Hydropower stations under construction are expected to increase global capacity from a baseline of 1,067 gigawatts at the end of 2011 to 1,300 gigawatts by 2017.
The percentage of undeveloped potential is highest in Africa (92%), followed by Asia (80%), Australia (80%) and Latin America (74%). Africa has the most untapped hydropower potential, mainly from the Congo, Nile, Niger and Zambezi rivers.
Most of the growth in hydropower is expected to come from the Asia Pacific region, notably from China and India, with many projects including an exportation of the pipeline, which can benefit the neighbouring countries. The greatest increase will be from China, which is expected to increase its output from 431 TWh in 2006 to 1,098 TWh by 2030, representing an annualized average increase of 4%.
In industrialised countries, upgrading or redeveloping existing plants will deliver additional benefits and efficiency and mitigate the limiting factors of large-scale hydropower production. New investments in hydropower are less likely due to environmental concerns, regulatory hurdles and poor economics.
Industry participants are of the view that it will be much easier to upgrade the current installed base with the addition of pumped storage and efficiency improvements. For example, new turbines and design innovations make modern hydropower plants more sustainable and environmentally friendly by increasing the fish survival rate as they pass through.
The International Energy Agency believes that, by the year 2050, annual global hydropower capacities and generation should double to approximately 2,000 gigawatts and 7,000 TWh respectively. Hydropower is being produced mostly by large generating plants; however, the environmental impact and bad press experienced by those plants in recent years will make it difficult for developers to build new large dams. Growth in smaller hydropower projects is more likely to occur in light of:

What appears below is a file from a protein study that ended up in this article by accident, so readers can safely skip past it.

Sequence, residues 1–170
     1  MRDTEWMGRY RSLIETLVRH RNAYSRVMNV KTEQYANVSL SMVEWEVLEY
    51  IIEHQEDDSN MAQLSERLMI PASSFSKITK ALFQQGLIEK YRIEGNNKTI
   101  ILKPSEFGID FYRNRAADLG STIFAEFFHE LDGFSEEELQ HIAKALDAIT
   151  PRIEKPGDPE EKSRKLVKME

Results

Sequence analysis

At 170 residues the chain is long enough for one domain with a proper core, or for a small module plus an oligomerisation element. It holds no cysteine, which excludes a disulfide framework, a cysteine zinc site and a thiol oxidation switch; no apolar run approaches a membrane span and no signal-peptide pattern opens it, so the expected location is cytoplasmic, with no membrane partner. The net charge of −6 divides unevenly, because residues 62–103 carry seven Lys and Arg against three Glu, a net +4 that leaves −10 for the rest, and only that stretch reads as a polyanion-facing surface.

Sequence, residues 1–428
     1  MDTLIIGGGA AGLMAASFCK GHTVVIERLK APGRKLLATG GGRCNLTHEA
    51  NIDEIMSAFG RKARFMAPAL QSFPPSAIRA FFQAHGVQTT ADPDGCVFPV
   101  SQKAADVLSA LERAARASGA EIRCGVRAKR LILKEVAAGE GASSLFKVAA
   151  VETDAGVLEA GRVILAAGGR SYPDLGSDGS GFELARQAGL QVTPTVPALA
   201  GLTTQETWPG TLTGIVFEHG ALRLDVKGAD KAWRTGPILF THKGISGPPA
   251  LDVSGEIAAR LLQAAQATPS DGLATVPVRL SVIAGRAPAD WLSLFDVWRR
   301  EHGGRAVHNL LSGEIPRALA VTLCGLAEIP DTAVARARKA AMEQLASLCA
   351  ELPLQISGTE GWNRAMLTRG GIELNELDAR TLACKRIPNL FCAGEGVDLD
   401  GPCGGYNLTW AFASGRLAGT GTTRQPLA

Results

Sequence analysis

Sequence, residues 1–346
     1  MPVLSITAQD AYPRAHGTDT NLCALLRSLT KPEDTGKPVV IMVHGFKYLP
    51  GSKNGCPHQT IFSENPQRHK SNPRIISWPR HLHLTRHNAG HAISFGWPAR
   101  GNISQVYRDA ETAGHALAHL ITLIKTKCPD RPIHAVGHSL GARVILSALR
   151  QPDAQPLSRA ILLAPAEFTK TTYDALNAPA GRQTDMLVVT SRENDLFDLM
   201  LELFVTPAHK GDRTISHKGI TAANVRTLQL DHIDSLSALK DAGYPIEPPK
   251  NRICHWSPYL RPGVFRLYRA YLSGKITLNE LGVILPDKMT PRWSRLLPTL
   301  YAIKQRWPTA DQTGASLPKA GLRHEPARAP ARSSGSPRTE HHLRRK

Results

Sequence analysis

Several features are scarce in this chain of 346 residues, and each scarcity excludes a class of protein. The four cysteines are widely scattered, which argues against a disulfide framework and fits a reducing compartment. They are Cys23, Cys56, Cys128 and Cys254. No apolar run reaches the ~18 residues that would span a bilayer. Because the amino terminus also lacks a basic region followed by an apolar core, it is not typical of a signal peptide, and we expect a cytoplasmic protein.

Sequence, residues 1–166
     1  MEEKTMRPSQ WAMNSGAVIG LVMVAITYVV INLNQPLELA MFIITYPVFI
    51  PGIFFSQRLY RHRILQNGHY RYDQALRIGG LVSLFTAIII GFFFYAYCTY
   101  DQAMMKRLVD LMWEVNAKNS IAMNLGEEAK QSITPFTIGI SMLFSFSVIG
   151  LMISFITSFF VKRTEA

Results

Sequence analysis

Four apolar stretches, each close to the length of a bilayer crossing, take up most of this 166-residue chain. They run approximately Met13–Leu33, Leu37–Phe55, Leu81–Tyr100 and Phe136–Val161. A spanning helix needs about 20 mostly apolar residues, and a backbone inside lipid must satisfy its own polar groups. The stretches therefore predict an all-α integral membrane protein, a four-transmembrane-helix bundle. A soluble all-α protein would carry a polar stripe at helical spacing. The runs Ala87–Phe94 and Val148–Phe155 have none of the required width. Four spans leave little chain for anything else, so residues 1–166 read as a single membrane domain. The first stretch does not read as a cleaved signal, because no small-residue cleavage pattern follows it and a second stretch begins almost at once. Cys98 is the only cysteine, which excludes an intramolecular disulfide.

- The new legislation approved by the U.S. House of Representatives in 2013 aimed at streamlining regulations for small hydropower projects;
- Increased government investment in clean energy stemming from awareness of climate change, as can be evidenced by example of the White House‘s 2014 budget which commits to an increase in funding for clean energy technology by 30% to approximately $7.9 billion; and
- The generous feed-in tariffs in Europe.
It was expected that large hydropower plants as a percentage of total capacity will decrease from 92% to 89.5% by 2015. This decrease was not due to waning efficiency but rather the increased popularity of smaller plants. One particular area of growth will be the increase of pumped storage systems used in existing plant sites for electrical energy storage (―EES). According to Pike Research, the EES market was projected to grow from $329 million in 2008 to $4.1 billion by 2018.
Further technological improvements that increase efficiency of the installed base of power plants (and the new generation of plants in production) are expected. In addition, there is an increasing market for retrofitting systems with more efficient turbines and other performance enhancements.
Hydro Power Technologies Inc. foresees the following opportunities for the Technology:
- Providing modular high efficient systems for EES and recovery
- Run of the river
- Rivers and Lakes with shoreline Head availability
- Custom retrofitting of existing hydropower installations
- Installation of new energy storage and recovery systems
- Installation of new hydropower systems and new power grid systems in under-developed areas
- Retrofit solutions for existing hydropower production plants
- Scalable power generation for remotely located industries such as mining, saw mills and Gypsum mining stacks